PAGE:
You’d have to love Maxwell Konadu’s fashion sense because… well, if you’re an Asante Kotoko fan, what else is there to love about your head coach right now?
Reading the headline chosen for 3News’ story on Kotoko’s midweek Ghana Premier League loss to Accra Great Olympics — “Olympics end Kotoko’s unbeaten run” — Konadu should have felt flattered, not flattened, by the horrendous performance he had just [over]seen: Kotoko, indeed, hadn’t lost a game all-season until Thursday evening.
But then, like Konadu quickly pointed out in his post-match pitch-side interview, “the season is still young.” And, of course, there is the fact that, of the six games Kotoko have crossed off their calendar in all competitions thus far this season, they’ve drawn three and skipped one.
You see, Olympics didn’t just defeat Kotoko to end their — for want of a more fitting word — unbeaten run. No, it was much worse. They, a side taking in a first season back in the top-flight after one out, walked all over Ghana’s record champions, and the goal that dealt the decisive blow summed it all up in embarrassing detail.
How else could Gladson Awako — a silky smooth, well-travelled footballer, I know — skip and dance past four men in red, before lifting the ball into acres of space occupied by one man in blue-and-white for a header worth three points and GHC5,000?
Annor Walker, twisting the knife afterwards by questioning Kotoko’s continental credentials (ouch!), must have been feeling coach-of-the-year vibes (I see you, Jurgen Klopp!). Konadu, squatting on the touchline and clasping his hands as though in prayer (won’t be surprised if they were, anyway, given how much he does need one), cut the figure of Ole Gunnar Solskjaer on one of those frequent bad days (Thursday, thankfully for Manchester United fans, wasn’t one).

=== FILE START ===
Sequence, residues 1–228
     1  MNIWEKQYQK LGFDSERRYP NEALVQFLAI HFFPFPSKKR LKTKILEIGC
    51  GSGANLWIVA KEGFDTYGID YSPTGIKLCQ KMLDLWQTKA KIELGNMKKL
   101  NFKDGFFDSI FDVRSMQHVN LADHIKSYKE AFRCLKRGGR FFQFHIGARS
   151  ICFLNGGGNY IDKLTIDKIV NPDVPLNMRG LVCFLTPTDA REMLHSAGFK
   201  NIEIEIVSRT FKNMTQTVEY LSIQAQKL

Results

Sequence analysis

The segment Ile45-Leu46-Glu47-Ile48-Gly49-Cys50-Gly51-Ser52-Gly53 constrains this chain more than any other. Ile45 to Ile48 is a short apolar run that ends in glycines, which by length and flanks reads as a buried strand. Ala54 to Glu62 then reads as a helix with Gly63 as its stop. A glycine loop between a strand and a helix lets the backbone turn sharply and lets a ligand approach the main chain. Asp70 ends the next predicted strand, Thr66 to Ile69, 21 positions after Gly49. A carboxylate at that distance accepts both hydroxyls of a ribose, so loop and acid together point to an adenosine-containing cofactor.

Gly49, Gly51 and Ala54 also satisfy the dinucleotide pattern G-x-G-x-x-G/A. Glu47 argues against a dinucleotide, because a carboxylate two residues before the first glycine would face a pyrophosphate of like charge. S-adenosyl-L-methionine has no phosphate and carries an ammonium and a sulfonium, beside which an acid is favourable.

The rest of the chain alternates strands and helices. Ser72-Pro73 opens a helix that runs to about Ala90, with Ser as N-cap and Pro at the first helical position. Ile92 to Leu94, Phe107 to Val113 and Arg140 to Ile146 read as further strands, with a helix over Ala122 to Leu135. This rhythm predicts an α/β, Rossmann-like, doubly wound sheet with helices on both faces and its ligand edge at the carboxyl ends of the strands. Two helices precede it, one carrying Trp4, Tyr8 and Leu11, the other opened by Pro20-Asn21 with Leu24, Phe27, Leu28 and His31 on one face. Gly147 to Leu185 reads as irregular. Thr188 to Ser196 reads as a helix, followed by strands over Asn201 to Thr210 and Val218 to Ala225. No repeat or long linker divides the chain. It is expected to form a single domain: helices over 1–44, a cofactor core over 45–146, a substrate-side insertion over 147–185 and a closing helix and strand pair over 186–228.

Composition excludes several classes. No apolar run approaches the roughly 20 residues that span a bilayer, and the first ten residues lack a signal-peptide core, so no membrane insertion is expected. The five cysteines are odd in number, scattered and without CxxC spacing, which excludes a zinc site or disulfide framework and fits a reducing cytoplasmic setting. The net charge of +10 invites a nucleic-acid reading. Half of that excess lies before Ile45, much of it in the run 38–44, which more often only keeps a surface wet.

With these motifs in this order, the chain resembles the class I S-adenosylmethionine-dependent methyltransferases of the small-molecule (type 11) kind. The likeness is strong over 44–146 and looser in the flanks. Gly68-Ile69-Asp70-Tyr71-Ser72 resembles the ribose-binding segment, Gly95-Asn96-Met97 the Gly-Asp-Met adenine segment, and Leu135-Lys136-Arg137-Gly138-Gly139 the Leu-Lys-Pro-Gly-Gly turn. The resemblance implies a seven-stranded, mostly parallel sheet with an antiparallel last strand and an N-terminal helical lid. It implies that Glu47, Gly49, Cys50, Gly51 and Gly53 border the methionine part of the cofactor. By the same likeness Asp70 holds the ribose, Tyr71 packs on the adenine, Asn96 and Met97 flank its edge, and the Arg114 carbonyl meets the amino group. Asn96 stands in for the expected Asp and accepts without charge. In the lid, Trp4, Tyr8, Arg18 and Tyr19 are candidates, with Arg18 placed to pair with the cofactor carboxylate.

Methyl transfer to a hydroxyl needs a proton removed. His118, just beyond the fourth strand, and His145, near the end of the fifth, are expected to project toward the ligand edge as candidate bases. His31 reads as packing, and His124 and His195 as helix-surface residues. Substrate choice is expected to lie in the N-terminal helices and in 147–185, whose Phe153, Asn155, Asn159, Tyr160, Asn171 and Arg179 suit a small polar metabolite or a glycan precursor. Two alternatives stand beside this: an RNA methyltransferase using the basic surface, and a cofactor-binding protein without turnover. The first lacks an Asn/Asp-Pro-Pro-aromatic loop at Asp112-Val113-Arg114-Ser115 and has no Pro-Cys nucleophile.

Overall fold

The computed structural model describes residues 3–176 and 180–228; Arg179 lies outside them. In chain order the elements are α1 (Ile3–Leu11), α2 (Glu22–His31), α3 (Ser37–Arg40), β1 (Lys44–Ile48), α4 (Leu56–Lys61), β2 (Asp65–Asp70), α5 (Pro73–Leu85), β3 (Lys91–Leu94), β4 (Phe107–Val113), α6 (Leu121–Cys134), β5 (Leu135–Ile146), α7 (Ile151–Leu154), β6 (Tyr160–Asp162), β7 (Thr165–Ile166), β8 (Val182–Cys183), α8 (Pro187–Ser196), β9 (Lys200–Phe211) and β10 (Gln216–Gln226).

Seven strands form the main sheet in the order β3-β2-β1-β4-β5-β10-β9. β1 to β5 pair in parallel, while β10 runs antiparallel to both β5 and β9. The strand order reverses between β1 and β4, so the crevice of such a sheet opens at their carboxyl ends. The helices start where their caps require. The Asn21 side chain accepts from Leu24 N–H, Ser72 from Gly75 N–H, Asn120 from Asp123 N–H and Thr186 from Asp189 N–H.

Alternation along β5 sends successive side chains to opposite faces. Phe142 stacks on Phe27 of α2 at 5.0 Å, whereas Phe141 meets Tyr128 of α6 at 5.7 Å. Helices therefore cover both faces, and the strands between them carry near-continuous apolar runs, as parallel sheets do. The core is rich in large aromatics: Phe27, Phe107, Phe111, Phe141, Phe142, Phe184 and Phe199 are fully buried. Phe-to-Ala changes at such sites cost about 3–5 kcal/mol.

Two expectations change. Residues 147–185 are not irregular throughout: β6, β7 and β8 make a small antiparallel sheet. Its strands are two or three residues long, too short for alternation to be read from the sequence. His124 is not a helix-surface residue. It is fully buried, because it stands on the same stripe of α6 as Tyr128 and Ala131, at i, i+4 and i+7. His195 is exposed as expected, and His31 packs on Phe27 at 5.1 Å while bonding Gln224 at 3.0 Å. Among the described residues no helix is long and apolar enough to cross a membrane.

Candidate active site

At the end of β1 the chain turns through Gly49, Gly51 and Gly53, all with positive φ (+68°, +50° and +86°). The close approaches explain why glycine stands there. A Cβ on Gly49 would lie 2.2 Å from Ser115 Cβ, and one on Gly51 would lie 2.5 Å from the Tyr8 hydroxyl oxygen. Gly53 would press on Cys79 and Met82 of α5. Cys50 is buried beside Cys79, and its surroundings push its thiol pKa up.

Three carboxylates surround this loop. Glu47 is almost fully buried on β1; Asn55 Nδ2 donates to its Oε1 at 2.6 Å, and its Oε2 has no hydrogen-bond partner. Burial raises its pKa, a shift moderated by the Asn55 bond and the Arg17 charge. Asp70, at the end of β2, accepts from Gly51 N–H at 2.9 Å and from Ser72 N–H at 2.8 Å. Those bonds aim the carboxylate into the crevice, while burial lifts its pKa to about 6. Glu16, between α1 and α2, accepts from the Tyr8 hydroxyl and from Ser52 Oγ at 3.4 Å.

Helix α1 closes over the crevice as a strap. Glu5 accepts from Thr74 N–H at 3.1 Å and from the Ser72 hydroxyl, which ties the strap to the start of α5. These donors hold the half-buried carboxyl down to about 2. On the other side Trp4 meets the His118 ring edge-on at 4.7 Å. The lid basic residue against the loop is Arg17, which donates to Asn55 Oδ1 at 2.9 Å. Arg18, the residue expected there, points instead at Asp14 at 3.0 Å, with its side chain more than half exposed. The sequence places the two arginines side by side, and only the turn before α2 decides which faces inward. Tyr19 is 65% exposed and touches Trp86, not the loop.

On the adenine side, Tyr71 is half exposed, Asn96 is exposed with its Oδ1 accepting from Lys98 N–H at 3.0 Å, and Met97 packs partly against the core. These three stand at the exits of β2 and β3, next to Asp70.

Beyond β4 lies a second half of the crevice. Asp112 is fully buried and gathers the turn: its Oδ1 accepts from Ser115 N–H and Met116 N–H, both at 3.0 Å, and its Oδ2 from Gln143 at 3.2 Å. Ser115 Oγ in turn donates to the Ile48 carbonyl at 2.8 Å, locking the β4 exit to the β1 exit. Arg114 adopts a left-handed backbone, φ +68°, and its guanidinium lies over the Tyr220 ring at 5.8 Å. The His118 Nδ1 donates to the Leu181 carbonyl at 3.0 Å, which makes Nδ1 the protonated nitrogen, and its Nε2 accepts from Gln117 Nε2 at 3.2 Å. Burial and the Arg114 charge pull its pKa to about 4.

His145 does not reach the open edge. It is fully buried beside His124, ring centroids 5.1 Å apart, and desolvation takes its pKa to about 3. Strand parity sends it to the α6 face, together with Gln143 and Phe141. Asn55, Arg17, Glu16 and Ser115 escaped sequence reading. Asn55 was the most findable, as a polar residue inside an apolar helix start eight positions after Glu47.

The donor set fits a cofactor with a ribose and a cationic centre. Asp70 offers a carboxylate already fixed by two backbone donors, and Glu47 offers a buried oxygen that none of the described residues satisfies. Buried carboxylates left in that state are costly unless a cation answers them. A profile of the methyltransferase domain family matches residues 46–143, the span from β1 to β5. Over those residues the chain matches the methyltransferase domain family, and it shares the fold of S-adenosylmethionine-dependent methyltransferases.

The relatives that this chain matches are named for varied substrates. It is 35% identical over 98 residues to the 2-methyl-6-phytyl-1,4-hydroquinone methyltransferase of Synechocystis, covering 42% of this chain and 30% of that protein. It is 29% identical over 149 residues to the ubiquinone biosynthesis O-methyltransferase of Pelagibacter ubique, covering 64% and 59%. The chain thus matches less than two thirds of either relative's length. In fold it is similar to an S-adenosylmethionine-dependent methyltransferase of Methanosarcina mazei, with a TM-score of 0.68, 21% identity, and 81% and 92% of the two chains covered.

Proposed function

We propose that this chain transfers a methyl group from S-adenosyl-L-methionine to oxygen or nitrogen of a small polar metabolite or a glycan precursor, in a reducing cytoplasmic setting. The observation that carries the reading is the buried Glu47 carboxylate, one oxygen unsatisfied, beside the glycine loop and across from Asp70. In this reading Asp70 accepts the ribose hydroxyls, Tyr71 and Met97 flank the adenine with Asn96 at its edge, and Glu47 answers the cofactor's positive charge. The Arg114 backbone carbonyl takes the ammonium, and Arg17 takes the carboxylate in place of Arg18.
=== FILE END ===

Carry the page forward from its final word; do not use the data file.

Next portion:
The former national team coach argues that his side “can still bounce back,” but the games with which he could immediately set about ensuring that happens aren’t going to be easy. There are two more league matches — both on the road, and both against teams that are as desperate to get their own faltering campaigns back on track — before the end of the month/year, either side of the first leg of Kotoko’s Caf Champions League first round qualifier against Sudan’s Al Hilal.
The cloud of goodwill that carried Konadu to Kotoko for a second stint, once pregnant with expectation, is already draining, a drip at a time. And, after meh displays like that against Olympics, one can’t help but wonder just how many more drips he has left in the tank — or just how long before that steady trickle breaks into a stormy torrent.
Enn Y. Frimpong — Ink & Kicks